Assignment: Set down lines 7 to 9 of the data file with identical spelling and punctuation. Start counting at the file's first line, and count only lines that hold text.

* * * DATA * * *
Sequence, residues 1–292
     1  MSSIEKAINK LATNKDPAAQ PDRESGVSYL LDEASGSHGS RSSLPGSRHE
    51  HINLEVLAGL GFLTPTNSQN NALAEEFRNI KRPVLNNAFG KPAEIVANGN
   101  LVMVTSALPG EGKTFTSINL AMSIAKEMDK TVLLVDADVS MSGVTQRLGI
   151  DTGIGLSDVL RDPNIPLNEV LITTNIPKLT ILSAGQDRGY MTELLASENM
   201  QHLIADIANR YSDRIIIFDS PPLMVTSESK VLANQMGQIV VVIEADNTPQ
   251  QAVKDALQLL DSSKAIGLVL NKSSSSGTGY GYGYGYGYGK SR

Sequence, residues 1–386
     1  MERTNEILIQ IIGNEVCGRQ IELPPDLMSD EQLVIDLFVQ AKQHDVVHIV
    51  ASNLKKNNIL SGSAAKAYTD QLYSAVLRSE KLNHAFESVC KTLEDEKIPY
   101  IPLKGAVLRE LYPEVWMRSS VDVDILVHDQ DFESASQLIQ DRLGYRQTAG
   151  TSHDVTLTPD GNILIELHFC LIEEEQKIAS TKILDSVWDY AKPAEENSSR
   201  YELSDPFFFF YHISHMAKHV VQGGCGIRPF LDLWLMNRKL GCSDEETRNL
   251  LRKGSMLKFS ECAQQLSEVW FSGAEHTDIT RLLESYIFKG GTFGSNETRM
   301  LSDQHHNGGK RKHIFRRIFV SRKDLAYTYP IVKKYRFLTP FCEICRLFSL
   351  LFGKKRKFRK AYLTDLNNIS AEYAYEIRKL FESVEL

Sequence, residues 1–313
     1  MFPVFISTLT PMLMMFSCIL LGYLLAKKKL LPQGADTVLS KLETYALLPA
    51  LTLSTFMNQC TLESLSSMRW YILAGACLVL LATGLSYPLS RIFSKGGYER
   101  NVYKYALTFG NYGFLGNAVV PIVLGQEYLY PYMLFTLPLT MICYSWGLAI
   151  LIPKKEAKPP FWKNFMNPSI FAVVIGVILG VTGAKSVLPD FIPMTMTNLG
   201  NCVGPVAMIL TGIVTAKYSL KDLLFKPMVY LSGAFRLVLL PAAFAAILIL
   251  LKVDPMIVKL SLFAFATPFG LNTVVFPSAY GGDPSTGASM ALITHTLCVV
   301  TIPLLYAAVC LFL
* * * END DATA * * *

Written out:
   251  QAVKDALQLL DSSKAIGLVL NKSSSSGTGY GYGYGYGYGK SR

Sequence, residues 1–386
     1  MERTNEILIQ IIGNEVCGRQ IELPPDLMSD EQLVIDLFVQ AKQHDVVHIV